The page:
Lesson number two that Romney ignored: Unintended consequences. From that same Globe article:
Walrath's comments came as the divide between business leaders and healthcare advocates over what constitutes a company's "fair and reasonable" contribution to health insurance deepened yesterday. During a Division of Health Care Finance and Policy public hearing at the University of Massachusetts at Boston, healthcare advocates said the division's proposal would further erode employer health plans, leading to a "race to the bottom."So, some companies are now purchasing less-costly insurance that makes it easier to comply with the regulation mandating that the company pay 33% of the premium.
"The proposed regulations make an already inadequate assessment even more inadequate," said Phil Edmundson, head of a private insurance company and chairman of Affordable Care Today's Massachusetts coalition.
Edmundson said the proposed contribution requirement doesn't set any standards for company health plans. He cited the case of Friendly Ice Cream Corp. of Wilbraham, which recently changed its health plan for many restaurant employees to a ``mini-med" plan, with limited benefits, which leaves beneficiaries liable for costs if they become seriously ill. In a statement, Friendly said yesterday that it has recently improved its insurance for restaurant employees, increasing hospitalization benefits to $10,000, with no deductible.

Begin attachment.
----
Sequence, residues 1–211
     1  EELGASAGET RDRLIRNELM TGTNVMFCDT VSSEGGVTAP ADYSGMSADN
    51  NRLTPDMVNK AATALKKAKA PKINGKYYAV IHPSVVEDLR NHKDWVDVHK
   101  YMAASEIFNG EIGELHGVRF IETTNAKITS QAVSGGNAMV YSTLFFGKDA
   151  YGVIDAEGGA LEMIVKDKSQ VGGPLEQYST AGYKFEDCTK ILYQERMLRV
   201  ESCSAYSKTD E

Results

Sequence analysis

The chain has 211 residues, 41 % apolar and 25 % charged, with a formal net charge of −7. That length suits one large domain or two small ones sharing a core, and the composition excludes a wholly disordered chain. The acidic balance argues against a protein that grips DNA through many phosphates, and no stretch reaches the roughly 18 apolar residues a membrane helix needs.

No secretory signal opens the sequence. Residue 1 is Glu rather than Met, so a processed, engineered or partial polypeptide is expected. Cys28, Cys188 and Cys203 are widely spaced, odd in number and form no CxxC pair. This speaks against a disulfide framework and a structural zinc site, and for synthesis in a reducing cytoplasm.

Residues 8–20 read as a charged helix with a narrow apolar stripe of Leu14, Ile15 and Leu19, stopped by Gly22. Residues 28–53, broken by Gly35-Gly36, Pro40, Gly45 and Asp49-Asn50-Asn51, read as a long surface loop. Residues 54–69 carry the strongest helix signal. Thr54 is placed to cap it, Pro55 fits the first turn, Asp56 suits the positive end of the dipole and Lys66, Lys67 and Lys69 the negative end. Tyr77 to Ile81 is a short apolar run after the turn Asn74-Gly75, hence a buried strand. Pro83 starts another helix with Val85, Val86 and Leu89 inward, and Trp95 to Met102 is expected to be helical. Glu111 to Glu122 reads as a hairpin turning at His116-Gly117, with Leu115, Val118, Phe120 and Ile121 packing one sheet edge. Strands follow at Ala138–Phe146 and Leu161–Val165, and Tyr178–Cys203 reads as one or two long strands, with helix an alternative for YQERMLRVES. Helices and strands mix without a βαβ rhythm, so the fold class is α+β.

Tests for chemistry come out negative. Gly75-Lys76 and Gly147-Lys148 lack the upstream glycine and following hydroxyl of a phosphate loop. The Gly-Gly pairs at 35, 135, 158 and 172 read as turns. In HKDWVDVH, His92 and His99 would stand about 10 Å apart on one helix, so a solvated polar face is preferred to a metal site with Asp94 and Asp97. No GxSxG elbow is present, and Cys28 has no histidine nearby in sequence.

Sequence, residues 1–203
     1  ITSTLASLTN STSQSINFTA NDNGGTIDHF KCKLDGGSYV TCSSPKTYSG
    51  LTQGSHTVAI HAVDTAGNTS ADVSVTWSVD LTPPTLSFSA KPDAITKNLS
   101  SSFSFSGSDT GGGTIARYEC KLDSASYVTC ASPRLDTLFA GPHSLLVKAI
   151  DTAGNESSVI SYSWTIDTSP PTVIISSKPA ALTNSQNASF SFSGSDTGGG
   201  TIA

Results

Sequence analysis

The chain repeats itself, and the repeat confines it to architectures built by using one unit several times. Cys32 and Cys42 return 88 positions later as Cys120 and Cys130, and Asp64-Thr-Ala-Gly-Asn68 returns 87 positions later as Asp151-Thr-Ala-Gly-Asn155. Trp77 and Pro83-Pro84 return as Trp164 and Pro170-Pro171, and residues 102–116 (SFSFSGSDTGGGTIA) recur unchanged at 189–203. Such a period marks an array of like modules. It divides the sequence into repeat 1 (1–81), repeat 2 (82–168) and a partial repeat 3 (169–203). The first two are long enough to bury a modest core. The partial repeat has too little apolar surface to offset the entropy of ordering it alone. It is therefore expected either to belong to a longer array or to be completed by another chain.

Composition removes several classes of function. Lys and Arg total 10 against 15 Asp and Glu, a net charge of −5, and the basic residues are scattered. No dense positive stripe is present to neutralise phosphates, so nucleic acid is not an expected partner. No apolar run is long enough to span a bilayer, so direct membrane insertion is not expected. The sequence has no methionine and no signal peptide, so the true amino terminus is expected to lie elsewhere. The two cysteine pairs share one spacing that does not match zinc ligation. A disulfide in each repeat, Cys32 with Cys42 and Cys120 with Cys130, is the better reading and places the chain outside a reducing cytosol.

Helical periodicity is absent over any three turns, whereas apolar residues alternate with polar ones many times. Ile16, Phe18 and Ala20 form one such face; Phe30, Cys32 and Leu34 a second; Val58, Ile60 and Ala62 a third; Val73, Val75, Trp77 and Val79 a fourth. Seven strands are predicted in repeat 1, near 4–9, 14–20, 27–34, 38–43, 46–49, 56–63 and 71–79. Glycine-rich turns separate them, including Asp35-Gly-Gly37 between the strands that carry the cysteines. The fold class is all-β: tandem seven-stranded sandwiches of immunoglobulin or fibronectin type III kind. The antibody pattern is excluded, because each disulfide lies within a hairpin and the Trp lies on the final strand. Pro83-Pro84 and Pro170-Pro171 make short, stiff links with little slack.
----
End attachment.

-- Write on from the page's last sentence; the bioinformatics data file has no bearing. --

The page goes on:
"With no quality requirement, these regulations could spread the use of mini-med plans," Edmundson said.
That, in turn, leads to calls for "minimum quality requirements"--i.e., mandates on what benefits a health insurance plan must include.
And, of course, the insurance industry, in the form of Mr. Edmundson, advocates for more regulation requiring companies to purchase more expensive insurance--thereby fattening the insurance industry's bottom line.
It is at least a bit ironic that Romney intended this reform to make insurance more affordable.
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